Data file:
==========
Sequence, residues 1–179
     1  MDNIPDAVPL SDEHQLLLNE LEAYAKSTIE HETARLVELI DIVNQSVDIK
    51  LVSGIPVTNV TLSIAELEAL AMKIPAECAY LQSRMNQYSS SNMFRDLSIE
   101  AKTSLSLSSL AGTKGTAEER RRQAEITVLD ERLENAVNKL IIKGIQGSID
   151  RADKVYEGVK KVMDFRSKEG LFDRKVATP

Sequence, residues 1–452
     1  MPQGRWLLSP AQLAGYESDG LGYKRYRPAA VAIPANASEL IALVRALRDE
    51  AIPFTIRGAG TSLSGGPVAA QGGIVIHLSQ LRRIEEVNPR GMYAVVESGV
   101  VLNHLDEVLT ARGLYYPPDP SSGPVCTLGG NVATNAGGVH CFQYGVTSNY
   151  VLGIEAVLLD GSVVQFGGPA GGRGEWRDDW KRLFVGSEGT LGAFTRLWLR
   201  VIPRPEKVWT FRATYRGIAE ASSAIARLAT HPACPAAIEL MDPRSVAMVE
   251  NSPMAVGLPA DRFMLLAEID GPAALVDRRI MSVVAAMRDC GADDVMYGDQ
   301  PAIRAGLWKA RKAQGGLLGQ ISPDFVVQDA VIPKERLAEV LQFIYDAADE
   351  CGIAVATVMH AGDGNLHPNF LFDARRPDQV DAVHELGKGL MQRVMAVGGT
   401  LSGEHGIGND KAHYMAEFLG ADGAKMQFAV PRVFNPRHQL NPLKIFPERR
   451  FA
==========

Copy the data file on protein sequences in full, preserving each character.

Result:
Sequence, residues 1–179
     1  MDNIPDAVPL SDEHQLLLNE LEAYAKSTIE HETARLVELI DIVNQSVDIK
    51  LVSGIPVTNV TLSIAELEAL AMKIPAECAY LQSRMNQYSS SNMFRDLSIE
   101  AKTSLSLSSL AGTKGTAEER RRQAEITVLD ERLENAVNKL IIKGIQGSID
   151  RADKVYEGVK KVMDFRSKEG LFDRKVATP

Sequence, residues 1–452
     1  MPQGRWLLSP AQLAGYESDG LGYKRYRPAA VAIPANASEL IALVRALRDE
    51  AIPFTIRGAG TSLSGGPVAA QGGIVIHLSQ LRRIEEVNPR GMYAVVESGV
   101  VLNHLDEVLT ARGLYYPPDP SSGPVCTLGG NVATNAGGVH CFQYGVTSNY
   151  VLGIEAVLLD GSVVQFGGPA GGRGEWRDDW KRLFVGSEGT LGAFTRLWLR
   201  VIPRPEKVWT FRATYRGIAE ASSAIARLAT HPACPAAIEL MDPRSVAMVE
   251  NSPMAVGLPA DRFMLLAEID GPAALVDRRI MSVVAAMRDC GADDVMYGDQ
   301  PAIRAGLWKA RKAQGGLLGQ ISPDFVVQDA VIPKERLAEV LQFIYDAADE
   351  CGIAVATVMH AGDGNLHPNF LFDARRPDQV DAVHELGKGL MQRVMAVGGT
   401  LSGEHGIGND KAHYMAEFLG ADGAKMQFAV PRVFNPRHQL NPLKIFPERR
   451  FA